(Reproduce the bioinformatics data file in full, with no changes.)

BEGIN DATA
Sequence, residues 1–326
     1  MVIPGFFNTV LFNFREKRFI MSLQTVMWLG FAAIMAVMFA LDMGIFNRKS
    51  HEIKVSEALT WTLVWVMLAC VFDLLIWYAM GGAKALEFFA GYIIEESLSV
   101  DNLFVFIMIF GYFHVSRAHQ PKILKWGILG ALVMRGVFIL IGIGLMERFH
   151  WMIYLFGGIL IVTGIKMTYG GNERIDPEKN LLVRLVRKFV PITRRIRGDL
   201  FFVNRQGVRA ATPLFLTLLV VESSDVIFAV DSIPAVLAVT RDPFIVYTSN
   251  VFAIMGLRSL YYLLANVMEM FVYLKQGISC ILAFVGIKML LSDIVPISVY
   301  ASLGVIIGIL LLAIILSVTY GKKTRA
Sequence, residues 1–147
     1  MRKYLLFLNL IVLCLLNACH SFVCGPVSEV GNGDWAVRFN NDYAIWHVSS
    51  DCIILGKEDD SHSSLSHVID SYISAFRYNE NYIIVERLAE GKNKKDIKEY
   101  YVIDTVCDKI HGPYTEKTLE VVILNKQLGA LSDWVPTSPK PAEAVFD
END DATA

Sequence, residues 1–326
     1  MVIPGFFNTV LFNFREKRFI MSLQTVMWLG FAAIMAVMFA LDMGIFNRKS
    51  HEIKVSEALT WTLVWVMLAC VFDLLIWYAM GGAKALEFFA GYIIEESLSV
   101  DNLFVFIMIF GYFHVSRAHQ PKILKWGILG ALVMRGVFIL IGIGLMERFH
   151  WMIYLFGGIL IVTGIKMTYG GNERIDPEKN LLVRLVRKFV PITRRIRGDL
   201  FFVNRQGVRA ATPLFLTLLV VESSDVIFAV DSIPAVLAVT RDPFIVYTSN
   251  VFAIMGLRSL YYLLANVMEM FVYLKQGISC ILAFVGIKML LSDIVPISVY
   301  ASLGVIIGIL LLAIILSVTY GKKTRA
Sequence, residues 1–147
     1  MRKYLLFLNL IVLCLLNACH SFVCGPVSEV GNGDWAVRFN NDYAIWHVSS
    51  DCIILGKEDD SHSSLSHVID SYISAFRYNE NYIIVERLAE GKNKKDIKEY
   101  YVIDTVCDKI HGPYTEKTLE VVILNKQLGA LSDWVPTSPK PAEAVFD